Marvel Studios has paid tribute to Black Panther and Avengers: Endgame star Chadwick Boseman, who died Friday at the age of 43 after a four-year battle with colon cancer. The star, who portrayed Jackie Robinson in 42 and James Brown in Get on Up before being cast as Wakandan prince-turned-King T'Challa in 2016's Captain America: Civil War, became the first Black actor to lead a solo Marvel Studios movie when reprising his role in the Ryan Coogler-directed Black Panther. The blockbuster, which grossed $1.34 billion globally, earned seven total Academy Award nominations and was the first superhero movie to be nominated for Best Picture.
"Our hearts are broken and our thoughts are with Chadwick Boseman's family," reads a statement published to social media. "Your legacy will live on forever. Rest In Peace."
Our hearts are broken and our thoughts are with Chadwick Boseman’s family. Your legacy will live on forever. Rest In Peace. pic.twitter.com/DyibBLoBxz— Marvel Studios (@MarvelStudios) August 29, 2020
"Chadwick was diagnosed with stage III colon cancer in 2016, and battled with it these last 4 years as it progressed to stage IV," reads a statement from Boseman's team. It was "during and between countless surgeries and chemotherapy" throughout this private illness that the actor filmed Thurgood Marshall biography Marshall, period music drama Ma Rainey's Black Bottom, and the Spike Lee-directed Da 5 Bloods.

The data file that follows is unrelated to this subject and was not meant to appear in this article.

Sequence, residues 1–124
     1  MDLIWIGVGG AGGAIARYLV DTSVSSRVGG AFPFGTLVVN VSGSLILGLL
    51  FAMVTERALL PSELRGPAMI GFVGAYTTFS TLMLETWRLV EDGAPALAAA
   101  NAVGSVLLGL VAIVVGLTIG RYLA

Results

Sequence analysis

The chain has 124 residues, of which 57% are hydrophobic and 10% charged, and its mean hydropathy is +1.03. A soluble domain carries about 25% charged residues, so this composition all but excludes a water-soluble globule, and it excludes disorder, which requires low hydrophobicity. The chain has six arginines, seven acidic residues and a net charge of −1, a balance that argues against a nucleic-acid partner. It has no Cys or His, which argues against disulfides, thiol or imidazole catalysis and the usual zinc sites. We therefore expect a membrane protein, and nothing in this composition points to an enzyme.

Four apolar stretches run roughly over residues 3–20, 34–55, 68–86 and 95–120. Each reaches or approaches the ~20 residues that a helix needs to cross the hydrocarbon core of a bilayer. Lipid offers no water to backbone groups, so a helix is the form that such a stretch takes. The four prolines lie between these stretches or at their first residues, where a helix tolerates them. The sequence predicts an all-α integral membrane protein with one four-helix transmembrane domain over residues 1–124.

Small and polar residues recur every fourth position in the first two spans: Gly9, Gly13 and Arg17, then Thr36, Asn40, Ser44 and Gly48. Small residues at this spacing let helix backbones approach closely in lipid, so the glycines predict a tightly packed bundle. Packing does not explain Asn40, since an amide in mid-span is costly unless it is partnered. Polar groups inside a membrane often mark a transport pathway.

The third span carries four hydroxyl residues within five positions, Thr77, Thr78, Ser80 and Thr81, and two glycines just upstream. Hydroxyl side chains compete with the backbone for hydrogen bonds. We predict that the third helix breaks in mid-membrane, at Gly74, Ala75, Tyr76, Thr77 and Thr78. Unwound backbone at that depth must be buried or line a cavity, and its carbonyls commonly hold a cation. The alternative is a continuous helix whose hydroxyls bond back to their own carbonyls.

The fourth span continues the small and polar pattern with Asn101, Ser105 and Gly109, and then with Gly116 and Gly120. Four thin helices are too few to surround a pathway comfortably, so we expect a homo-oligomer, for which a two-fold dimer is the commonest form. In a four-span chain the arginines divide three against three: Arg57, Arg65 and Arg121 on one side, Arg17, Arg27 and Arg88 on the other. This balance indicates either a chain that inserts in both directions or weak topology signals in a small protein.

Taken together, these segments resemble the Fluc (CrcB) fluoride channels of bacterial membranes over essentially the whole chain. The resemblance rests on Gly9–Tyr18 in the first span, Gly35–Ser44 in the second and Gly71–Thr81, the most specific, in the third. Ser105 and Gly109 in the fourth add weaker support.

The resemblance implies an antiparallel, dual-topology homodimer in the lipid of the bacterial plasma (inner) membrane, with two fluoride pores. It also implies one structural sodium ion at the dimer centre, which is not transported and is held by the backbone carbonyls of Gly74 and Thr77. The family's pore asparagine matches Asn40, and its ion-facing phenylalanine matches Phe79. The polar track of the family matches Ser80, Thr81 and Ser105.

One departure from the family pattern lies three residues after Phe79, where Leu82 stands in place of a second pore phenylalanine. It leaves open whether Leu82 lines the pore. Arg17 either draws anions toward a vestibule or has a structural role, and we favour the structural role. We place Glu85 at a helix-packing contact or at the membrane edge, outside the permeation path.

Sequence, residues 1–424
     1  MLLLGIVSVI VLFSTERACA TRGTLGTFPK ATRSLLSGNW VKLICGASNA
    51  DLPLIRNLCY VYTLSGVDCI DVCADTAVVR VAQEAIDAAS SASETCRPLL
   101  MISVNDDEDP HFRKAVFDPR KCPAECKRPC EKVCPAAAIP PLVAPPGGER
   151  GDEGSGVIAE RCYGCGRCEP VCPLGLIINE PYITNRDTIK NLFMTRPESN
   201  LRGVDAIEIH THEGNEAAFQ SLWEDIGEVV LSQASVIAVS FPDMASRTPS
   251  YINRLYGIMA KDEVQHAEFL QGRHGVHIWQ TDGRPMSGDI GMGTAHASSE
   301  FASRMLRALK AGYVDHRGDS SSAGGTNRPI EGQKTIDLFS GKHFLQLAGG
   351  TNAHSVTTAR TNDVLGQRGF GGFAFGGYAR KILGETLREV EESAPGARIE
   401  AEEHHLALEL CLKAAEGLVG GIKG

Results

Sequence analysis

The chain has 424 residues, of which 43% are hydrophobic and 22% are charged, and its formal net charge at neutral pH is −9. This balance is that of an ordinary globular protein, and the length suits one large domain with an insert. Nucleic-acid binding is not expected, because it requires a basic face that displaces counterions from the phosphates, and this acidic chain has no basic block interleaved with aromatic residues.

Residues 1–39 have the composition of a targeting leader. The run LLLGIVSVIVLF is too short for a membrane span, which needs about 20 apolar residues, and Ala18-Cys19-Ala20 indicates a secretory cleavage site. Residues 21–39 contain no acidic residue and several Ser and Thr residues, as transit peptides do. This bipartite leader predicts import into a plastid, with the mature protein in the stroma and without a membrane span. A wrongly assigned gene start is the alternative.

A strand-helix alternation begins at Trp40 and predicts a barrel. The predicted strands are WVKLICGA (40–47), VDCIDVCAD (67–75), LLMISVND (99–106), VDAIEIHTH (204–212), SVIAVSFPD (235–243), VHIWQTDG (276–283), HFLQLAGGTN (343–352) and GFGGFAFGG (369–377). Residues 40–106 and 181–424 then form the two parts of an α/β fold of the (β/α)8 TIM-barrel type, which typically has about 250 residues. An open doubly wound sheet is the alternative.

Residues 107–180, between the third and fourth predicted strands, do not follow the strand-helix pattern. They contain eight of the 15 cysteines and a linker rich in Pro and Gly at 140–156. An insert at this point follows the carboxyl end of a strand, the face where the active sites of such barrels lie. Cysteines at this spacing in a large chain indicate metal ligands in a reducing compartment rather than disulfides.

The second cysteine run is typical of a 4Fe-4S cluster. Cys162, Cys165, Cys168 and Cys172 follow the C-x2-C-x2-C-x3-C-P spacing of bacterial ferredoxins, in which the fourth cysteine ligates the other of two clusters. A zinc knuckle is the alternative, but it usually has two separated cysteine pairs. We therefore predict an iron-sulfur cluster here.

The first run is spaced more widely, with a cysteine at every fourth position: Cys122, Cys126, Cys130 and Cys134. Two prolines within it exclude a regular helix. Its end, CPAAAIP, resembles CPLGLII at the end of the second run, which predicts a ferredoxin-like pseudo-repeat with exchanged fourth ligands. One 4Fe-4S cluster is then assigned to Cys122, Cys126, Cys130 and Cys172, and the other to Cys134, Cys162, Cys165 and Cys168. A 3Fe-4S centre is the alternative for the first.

"It was the honor of his career to bring King T'Challa to life in Black Panther," the statement from Boseman's camp continues.
Months after Black Panther, Boseman returned as the character in Avengers: Infinity War, where T'Challa's homeland was the setting for a high-stakes battle between Josh Brolin's Thanos and Earth's mightiest heroes. Boseman last appeared as the character in the Anthony and Joe Russo-directed sequel, Avengers: Endgame, which went on to become the highest-grossing film of all time.
Speaking about the importance of Black Panther and its predominantly Black cast in a 2018 interview with The Los Angeles Times, Boseman said, "The projects that I end up doing, that I want to be involved with in any way, have always been projects that will be impactful, for the most part, to my people — to Black people. To see Black people in ways which you have not seen them before. So Black Panther was on my radar, and in my dreams."
In August 2019, Coogler and Marvel Studios President Kevin Feige announced Black Panther II for May 6, 2022. That same summer, Boseman was among the Marvel stars confirmed to be lending voices to Disney+ series What If…?, the first Marvel Studios-produced animated series expected to release in 2021.